9 Enterprise JavaBeans component Enterprise JavaBeans (EJB) components are designed specifically with business logic in mind. EJB components are scalable, transactional and secure. Using these component technologies for implementing an application or service ensures the standardization of the application or service. Such standardization furthermore enables the reusability and portability of the application and service. Using these components helps to divide development into different skill sets and make efficient use of different skills Platform and Container Services The J2EE platform component technologies the client, Web and EJB components, depend on the support of the J2EE containers to function properly. The J2EE platform standard requires a conforming platform provider to make certain services available. The platform s required services are: Naming service A naming service allows access to compone nts within a naming environment. These components can be customized when assembled or deployed without requiring changes to the look up source code. Deployment service A deployment service allows changes to component behavior (such as transaction requirements and security requirements) at deployment without the need to change a component s source code. Transaction service A transaction service frees the component developer from having to include code to handle such transactional issues as multi-user access and failure/recovery. A transaction service allows the transaction requirements for components to be specified when they are assembled. Security service A security service ensures that components and resources are accessed by only those authorized for access Communication The J2EE platform, in addition to specifying component technologies and services, also requires a set of standard communication technologies. These communication technologies bring the platform s components and services together, making the J2EE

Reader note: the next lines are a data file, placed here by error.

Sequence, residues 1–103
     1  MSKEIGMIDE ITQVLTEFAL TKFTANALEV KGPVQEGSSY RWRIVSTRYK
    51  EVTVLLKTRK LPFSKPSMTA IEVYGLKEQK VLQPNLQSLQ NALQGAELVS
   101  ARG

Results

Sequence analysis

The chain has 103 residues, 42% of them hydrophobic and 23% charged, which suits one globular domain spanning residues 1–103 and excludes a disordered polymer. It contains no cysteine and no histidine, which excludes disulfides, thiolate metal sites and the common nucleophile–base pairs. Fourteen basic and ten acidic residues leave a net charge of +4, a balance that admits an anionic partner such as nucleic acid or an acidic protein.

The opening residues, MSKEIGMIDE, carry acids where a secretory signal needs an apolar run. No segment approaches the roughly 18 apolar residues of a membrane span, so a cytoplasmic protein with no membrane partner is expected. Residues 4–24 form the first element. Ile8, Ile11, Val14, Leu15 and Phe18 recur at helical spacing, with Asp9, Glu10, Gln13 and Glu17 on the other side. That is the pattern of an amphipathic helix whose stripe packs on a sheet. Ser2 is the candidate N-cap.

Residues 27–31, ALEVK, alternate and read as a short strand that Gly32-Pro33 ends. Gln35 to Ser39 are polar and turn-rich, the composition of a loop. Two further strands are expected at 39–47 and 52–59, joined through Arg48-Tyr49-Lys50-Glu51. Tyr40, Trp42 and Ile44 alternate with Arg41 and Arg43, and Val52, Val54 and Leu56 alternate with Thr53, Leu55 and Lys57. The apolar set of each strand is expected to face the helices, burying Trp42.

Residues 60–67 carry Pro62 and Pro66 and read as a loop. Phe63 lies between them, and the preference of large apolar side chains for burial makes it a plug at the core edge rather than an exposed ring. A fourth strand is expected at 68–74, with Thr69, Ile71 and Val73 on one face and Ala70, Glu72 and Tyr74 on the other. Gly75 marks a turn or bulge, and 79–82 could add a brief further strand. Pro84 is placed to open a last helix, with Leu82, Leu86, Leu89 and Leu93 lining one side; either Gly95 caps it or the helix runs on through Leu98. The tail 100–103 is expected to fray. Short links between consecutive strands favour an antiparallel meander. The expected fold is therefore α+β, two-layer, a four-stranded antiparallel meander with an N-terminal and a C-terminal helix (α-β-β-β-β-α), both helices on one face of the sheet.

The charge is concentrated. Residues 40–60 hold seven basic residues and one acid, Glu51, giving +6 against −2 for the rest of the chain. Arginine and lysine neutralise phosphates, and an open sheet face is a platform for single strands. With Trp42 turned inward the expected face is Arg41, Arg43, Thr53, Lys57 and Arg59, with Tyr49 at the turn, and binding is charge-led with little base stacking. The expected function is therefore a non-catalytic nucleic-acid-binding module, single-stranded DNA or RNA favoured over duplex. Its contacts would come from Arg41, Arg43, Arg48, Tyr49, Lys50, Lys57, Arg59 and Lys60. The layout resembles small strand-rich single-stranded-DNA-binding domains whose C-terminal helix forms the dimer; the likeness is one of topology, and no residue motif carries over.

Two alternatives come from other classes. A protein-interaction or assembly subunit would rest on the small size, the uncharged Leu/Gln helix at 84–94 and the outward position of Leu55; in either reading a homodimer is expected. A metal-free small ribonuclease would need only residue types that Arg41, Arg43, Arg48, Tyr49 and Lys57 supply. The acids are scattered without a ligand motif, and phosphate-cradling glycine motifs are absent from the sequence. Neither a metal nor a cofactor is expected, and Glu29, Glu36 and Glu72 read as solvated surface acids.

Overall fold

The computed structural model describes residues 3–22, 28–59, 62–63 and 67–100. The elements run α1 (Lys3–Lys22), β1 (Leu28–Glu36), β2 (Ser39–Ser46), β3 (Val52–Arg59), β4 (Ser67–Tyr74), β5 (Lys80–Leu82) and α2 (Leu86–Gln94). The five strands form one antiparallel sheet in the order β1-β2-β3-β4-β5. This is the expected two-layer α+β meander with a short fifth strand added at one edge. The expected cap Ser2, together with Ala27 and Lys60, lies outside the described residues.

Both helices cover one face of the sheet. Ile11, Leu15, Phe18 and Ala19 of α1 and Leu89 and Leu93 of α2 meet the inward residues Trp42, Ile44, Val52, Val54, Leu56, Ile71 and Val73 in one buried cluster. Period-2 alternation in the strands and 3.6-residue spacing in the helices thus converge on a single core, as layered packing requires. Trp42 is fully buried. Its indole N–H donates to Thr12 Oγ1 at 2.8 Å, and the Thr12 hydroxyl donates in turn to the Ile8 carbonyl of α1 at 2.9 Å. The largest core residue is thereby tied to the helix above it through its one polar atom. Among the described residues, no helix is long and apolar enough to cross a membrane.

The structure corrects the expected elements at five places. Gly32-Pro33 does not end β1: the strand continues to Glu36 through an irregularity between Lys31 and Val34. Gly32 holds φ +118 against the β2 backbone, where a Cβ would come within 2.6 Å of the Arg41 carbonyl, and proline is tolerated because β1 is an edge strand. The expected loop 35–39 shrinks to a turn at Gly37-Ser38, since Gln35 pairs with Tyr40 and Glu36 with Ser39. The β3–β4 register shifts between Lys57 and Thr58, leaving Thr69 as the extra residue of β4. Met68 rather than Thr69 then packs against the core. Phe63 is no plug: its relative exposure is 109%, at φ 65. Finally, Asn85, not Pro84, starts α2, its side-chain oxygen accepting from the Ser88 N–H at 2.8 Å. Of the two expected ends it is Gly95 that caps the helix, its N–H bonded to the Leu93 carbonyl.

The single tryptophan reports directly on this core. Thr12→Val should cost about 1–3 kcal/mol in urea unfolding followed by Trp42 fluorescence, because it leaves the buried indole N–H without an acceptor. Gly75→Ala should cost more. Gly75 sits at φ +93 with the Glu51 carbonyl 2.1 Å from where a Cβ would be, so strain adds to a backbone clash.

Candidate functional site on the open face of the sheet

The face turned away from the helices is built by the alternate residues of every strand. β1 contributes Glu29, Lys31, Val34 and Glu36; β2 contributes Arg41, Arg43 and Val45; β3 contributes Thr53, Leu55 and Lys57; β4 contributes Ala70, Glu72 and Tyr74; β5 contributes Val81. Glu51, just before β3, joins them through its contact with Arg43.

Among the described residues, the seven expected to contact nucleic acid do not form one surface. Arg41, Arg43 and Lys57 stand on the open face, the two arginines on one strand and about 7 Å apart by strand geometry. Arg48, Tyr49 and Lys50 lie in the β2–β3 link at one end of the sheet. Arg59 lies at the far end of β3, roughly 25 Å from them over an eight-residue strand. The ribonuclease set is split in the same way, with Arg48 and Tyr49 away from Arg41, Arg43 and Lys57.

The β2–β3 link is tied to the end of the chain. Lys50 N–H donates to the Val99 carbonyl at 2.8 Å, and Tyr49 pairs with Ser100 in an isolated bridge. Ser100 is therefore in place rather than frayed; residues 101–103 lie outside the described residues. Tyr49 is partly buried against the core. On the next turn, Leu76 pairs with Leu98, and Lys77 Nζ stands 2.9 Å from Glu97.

10 platform an integrated, standard platform for developing portable, interoperable enterprise applications and Web services. Internet protocols The J2EE platform supports such standard, common Internet protocols as HTTP, TCP/IP, SSL, and so forth. These internet protocols enable communication between components and between components and their clients. Remote Method Invocation (RMI) protocols The J2EE platform supports the Java Remote Method protocol (JRMP). JRMP relies on the Remote Method Invocation APIs, which use Java language interfaces to define remote interface objects. The platform uses JRMP to turn local methods invocations into remote method invocations. Messaging technologies In addition to its support for these Internet and RMI synchronous protocols, the J2EE platform supports technologies that enable asynchronous communication. Examples of these technologies are the Java Message Service API and the JavaMail API. Web service technologies The J2EE platform also supports Web service specific technologies and protocols that, along with the already mentioned technologies and protocols, standardize communication between J2EE components and J2EE clients. With the advent of Web services, which improve interoperability with non-java clients, the J2EE platform supports Web service standards such as SOAP and UDDI using technologies such as Java API for XML-based RPC, Java API for XML Registries and so on. 3.3 Benefits of J2EE Platform The J2EE platform, offers Web services applicatio n developers the following benefits: Simplifies architecture and development The component-based J2EE development model enhances application development productivity because the components map well to the desired functionality of the application and service to be developed. Using tools, developers can configure application behavior at assembly of deployment, as knowing they can rely on the